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Explain How the Schlieffen Plan Was Meant To Work.

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Introduction

HISTORY COURSEWORK 2003-04: EXPLAIN HOW THE SCHLIEFFEN PLAN WAS MEANT TO WORK. Before the First World War, tensions were already high. Great Britain were rivals with Germany over industry, their Empire, and Naval dominance. Germany had a rivalry with the French, following the German victory in the Franco-Prussian War of 1870. France therefore hated the Germans, and clashed with Germany on numerous occasions over the control of Morocco. Russia had a heated rivalry with Austro-Hungary over access to the Black Sea. Both wanted to take over the crumbling Turkish Empire. Austro-Hungary resented Russia at the loss of prestige, as Russia were taking over the Turks Empire. Italy wanted overseas colonies, and to show Europe that it was a strong nation. The smaller nations, such as Serbia, Bosnia, and Bulgaria, all wanted to express their own national identity, and many used terrorism to promote their cause. The situation in Europe prior to World War One was dire. ...read more.

Middle

However, before it was put into practise, Von Schlieffen had died. The plan was intended to counter Plan 17, the French war plan, as both knew that the other knew about the plans, the Schlieffen plan had to counter the defences on the French border. The plan was made in 1905, thirteen years before the outbreak of the First World War. It was created to prevent a war on two fronts, something Germany didn't want. The triple Entente (friendship in French), sandwiched Germany, with Russia being the Eastern Front, and France being the Western Front. Plan 17 (the French plan), was created to counteract any German war plan, and therefore defending in the region of Alsace-Lorraine, therefore heavily fortifying Toul, Epinal, Verdun, and Nancy. Had the French generals known the German's planned to invade through Belgium, thus making their border defences irrelevant, they would have changed their plan accordingly. As it was, they didn't, and the Schlieffen plan looked a superb creation. The British had also devised a plan. ...read more.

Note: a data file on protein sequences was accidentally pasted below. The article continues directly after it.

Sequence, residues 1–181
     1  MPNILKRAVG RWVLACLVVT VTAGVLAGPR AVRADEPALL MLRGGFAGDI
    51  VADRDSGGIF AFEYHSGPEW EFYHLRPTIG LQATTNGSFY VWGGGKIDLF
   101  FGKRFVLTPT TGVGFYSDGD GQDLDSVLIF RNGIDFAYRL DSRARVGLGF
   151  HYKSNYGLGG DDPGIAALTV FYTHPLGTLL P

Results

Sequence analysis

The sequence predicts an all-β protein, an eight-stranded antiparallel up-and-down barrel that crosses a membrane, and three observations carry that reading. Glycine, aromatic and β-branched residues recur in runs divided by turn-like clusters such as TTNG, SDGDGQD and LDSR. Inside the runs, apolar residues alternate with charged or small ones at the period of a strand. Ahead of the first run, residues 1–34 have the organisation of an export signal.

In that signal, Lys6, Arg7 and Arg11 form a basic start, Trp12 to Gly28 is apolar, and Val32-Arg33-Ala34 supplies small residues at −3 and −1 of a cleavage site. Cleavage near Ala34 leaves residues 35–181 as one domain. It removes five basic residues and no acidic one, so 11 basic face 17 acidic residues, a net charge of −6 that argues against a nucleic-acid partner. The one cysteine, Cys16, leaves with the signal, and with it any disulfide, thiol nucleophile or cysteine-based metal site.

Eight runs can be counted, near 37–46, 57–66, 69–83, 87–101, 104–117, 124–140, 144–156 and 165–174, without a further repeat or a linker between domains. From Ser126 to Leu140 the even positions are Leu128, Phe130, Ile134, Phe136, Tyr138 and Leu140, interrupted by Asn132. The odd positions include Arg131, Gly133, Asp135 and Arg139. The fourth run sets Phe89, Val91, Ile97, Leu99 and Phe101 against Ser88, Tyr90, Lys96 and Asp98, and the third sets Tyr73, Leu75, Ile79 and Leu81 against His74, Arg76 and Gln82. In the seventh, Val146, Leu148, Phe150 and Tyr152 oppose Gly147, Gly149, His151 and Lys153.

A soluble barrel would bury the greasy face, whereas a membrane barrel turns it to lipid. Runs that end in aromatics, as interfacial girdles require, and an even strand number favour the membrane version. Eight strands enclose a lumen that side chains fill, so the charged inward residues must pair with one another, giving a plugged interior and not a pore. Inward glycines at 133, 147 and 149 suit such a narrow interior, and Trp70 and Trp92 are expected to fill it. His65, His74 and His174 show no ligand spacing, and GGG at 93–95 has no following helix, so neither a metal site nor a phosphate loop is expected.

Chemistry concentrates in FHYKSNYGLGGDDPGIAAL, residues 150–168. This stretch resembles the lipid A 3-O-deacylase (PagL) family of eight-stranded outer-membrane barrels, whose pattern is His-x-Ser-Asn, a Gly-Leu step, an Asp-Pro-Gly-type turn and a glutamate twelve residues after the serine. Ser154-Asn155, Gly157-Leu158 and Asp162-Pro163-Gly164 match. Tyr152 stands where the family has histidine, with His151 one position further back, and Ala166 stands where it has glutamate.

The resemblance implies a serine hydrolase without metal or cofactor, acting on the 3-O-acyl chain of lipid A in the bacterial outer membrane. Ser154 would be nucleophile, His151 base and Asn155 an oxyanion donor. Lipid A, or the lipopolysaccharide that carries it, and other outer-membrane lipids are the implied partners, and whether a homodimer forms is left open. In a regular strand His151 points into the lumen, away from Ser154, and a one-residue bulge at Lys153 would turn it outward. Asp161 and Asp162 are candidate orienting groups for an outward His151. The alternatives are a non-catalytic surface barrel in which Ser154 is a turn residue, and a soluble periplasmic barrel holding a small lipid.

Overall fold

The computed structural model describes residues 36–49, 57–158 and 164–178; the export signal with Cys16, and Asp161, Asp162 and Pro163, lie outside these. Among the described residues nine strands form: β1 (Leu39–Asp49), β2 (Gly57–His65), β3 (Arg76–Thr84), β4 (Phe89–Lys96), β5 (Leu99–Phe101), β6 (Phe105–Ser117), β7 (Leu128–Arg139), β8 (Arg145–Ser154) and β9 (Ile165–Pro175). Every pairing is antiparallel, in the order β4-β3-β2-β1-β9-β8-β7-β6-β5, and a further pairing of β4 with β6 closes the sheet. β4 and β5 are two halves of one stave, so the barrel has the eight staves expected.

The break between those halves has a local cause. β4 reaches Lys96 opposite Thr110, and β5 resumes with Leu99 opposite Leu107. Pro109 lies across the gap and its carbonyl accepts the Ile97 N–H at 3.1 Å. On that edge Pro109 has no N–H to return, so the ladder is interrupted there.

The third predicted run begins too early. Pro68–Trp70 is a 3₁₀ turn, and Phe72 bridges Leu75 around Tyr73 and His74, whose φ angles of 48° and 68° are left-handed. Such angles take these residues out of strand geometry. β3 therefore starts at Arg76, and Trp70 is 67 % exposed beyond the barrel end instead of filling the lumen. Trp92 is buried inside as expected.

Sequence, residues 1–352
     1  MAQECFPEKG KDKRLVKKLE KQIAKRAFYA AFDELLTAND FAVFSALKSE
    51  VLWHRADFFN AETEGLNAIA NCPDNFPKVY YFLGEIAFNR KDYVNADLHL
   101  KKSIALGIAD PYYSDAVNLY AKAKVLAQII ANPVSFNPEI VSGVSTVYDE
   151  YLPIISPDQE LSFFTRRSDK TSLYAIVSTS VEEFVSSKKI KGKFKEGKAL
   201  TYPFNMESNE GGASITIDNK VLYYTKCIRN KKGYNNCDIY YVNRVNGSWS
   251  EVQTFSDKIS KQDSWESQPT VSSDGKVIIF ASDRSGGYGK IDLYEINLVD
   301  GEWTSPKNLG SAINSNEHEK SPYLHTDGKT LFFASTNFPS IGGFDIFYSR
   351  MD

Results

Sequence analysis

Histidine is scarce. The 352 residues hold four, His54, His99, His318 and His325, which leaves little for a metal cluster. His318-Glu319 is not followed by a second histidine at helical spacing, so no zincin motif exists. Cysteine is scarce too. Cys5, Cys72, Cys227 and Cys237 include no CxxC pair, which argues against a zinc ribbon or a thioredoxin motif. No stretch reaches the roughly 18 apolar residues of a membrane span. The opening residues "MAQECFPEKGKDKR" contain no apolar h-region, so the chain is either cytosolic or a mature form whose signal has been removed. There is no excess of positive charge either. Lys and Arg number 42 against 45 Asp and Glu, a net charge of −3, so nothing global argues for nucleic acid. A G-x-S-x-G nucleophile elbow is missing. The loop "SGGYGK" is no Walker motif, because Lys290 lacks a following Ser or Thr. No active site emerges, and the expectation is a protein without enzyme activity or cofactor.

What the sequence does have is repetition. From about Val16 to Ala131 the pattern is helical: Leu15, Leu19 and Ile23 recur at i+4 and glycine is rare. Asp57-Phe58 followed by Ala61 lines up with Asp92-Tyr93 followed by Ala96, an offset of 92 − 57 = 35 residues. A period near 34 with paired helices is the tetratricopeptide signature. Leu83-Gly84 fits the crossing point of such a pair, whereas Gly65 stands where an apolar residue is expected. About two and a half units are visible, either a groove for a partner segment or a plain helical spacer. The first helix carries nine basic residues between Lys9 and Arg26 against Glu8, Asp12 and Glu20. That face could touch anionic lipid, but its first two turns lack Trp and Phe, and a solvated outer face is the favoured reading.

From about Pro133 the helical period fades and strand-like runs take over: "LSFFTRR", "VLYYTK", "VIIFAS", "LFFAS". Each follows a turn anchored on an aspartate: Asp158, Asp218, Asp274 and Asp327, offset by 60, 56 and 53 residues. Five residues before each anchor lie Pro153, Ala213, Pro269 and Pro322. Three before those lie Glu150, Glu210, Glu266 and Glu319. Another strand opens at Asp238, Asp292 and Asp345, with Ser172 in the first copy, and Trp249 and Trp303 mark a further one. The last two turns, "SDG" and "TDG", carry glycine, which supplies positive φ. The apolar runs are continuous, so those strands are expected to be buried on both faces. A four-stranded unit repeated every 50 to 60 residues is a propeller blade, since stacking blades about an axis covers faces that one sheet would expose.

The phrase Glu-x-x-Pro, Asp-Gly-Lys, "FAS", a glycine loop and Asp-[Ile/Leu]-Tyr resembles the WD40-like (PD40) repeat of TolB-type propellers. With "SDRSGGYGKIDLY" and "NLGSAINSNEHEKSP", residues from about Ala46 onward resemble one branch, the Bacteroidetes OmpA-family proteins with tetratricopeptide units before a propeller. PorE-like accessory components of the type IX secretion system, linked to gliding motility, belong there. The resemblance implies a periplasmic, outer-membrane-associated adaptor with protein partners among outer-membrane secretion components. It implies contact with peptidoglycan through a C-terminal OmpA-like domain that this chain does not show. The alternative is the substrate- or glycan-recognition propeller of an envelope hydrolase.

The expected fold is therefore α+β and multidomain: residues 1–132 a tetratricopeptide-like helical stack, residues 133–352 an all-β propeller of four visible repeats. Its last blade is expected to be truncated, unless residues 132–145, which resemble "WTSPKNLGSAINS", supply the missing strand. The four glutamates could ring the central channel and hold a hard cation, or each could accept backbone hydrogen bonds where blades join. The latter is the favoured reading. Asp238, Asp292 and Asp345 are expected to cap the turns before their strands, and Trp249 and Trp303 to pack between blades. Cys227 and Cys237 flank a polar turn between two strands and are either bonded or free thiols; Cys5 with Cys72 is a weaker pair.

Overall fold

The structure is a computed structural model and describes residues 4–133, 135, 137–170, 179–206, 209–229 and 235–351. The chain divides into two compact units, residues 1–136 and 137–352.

Conclusion

Therefore, the German leaders thought that if the moved fast enough, they could race past the French troops, and capture Paris within six weeks. After that had happened, the majority of the German army would be transported to their Eastern border (with Russia) by the railway system they had spent months developing, and hold any Russian opposition. The German leaders didn't fear the small British contingent, known as the British Expeditionary Force (B.E.F), and didn't even expect the British to aid the Belgians. Even if the British army did come, the Germans planned to capture the ports on the Channel, at Ostend, Dunkirk, Calais, and Boulogne. They would then sweep south, preventing the British army travelling across France in large numbers. As it was, the Germans didn't expect the Russians to be ready in any less than six weeks. They therefore intended to ignore them to start with. After France was conquered, and the British were unable to land, the enormous German army could transfer across via the railway system, to the Eastern Front, and take on the Russians. ...read more.

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